How the #Ashes played out on Twitter

Monday, 26 August 2013

The last time England hosted the Ashes was more than half of Twitter’s lifetime ago, so for many UK cricket fans, the summer of 2013 was their first opportunity to taste this oldest of sporting traditions while following along on their favourite platform.

But the conversation on Twitter was not limited to the UK. Whilst the action may have been in the middle of the night at times Down Under, one part of the 2013 #Ashes that Australia did win at was the number of official Tweets.

Cricket Australia (@CricketAus) sent 2,000 Tweets during the series, compared to the 1,700 sent by England Cricket (@ECB_cricket). But that was about the only metric Australia won out on, as England dominated on the field and on Twitter.

Total Tweets
Overall there were more than 3.4 million Tweets about the Ashes during the series. The official hashtag #Ashes was endorsed by both teams and all official broadcasters in both countries and was used 1.6 million times during the five Tests.

The most tweeted about moment was the nail-biting finish to the first Test, during which we saw 7,100 Tweets per minute as England claimed victory on July 14.

Most Retweets
When it came to Retweets, @ECB_Cricket’s Tweet confirming they had won the series had many more RT’s than @CricketAus’s most retweeted message, which came as Ashton Agar reached 50 in that famous innings on his Test debut on July 11:

Both these figures were eclipsed by this Tweet from Kevin Pietersen (@KP24), the most retweeted Tweet by a player:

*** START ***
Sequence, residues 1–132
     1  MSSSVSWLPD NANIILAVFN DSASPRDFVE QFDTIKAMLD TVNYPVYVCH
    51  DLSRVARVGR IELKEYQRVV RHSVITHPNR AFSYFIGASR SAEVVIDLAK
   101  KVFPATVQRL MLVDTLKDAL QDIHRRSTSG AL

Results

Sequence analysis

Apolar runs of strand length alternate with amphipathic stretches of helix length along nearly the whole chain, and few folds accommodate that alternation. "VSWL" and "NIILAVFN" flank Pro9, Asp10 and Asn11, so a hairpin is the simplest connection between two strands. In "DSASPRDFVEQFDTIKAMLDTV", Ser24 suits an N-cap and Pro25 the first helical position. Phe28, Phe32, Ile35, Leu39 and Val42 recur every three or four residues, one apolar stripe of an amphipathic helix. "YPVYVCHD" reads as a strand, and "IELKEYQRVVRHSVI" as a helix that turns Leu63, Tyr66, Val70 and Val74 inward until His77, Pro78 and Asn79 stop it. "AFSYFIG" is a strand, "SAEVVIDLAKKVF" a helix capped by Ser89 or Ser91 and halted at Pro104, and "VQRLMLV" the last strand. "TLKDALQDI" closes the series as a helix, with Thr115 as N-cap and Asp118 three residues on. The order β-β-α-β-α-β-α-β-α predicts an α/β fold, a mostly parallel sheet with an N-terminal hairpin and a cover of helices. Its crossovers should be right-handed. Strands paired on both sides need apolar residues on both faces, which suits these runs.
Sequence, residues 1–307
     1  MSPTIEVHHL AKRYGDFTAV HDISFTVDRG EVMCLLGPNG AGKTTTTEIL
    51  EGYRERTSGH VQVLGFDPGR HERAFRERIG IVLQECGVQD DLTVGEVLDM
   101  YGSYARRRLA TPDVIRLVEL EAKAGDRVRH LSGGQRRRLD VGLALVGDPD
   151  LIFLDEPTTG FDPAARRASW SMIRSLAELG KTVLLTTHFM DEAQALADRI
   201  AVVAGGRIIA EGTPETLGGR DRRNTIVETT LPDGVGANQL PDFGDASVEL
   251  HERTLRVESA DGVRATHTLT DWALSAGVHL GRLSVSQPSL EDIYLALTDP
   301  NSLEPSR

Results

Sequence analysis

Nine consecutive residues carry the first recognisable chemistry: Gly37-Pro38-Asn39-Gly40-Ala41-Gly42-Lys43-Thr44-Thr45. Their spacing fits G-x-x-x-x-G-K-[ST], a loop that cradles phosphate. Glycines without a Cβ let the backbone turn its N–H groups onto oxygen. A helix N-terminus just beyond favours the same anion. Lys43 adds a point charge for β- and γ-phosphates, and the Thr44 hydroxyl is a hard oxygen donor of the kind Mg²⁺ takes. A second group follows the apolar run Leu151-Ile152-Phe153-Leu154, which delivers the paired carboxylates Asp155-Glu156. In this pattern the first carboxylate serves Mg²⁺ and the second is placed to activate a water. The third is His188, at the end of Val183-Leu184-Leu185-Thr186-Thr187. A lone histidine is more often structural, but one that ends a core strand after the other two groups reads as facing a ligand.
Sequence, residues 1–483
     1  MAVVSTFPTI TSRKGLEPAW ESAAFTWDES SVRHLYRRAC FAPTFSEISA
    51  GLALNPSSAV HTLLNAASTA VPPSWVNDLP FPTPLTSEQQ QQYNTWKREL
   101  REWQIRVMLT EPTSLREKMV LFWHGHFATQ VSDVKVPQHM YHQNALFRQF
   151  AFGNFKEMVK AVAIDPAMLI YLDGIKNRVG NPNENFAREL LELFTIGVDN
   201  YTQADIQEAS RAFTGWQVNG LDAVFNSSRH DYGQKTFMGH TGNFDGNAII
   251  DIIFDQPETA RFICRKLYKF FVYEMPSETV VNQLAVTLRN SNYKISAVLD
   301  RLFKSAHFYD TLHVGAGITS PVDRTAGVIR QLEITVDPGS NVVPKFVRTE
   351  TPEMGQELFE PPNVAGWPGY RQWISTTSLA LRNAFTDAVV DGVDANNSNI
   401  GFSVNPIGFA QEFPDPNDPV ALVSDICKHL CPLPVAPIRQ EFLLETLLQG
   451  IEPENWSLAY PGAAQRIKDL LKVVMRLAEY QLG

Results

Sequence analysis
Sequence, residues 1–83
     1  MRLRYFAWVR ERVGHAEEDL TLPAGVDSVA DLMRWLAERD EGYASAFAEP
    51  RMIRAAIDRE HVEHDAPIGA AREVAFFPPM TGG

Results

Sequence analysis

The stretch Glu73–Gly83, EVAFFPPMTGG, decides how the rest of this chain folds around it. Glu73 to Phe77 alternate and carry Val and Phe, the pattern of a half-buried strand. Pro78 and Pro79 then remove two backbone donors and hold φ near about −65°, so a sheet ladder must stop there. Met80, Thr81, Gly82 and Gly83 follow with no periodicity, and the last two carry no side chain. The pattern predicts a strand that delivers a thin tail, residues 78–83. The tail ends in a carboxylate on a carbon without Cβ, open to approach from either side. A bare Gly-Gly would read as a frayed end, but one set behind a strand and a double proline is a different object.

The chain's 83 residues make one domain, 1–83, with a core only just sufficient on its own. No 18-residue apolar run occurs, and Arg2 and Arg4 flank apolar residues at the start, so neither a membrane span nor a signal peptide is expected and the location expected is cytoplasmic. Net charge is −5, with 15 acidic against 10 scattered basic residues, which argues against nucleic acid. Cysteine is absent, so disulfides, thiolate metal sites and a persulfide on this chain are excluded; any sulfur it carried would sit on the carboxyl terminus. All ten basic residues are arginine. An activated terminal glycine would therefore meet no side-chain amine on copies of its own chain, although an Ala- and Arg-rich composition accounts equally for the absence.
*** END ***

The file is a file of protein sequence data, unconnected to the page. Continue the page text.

That is a theme that runs right across sports on Twitter as players tend to have more engagement than teams. Pietersen was the most-followed player on either team - and he also gained the most new followers during the series, rising by more than 100,000 during the Ashes to more than 1.3 million.

During the series, Kevin Pietersen (@KP24) was the most Tweeted about player on either side. Australia captain Michael Clarke (@MClarke23) gained the most new followers of anyone on his team, adding more than 50,000 during the series. He is the most-followed Aussie with more than half a million followers.

But Clarke was not the most tweeted about player in a baggy green cap - that was Brad Haddin. Haddin is not on Twitter, but most of the players on both teams are.

The players who tweeted the most for each team were Stuart Broad (@StuartBroad8) and Ed Cowan (@EddieCowan) respectively for the two teams.

Most sports stars know one of the quickest and easiest ways to build engagement with their accounts is to tweet rich media - such as photos. It allows them to share their unique, behind-the-scenes perspective of their lives. Broad did just that with his shot of captain Alastair Cook and wicketkeeper Matt Prior thumbing a lift:

Matt Prior (@MattPrior13) then shared this candid pic of the England players sharing a drink and a song on the Oval outfield at the culmination of the fifth Test:

The Ashes resume as soon as November, when the action swings to Australia for the first time since the 2010/11 series. Aussie fans will be hoping for a reversal of fortunes for Clarke’s team, and they will be following along on Twitter as they do so. Roll on November!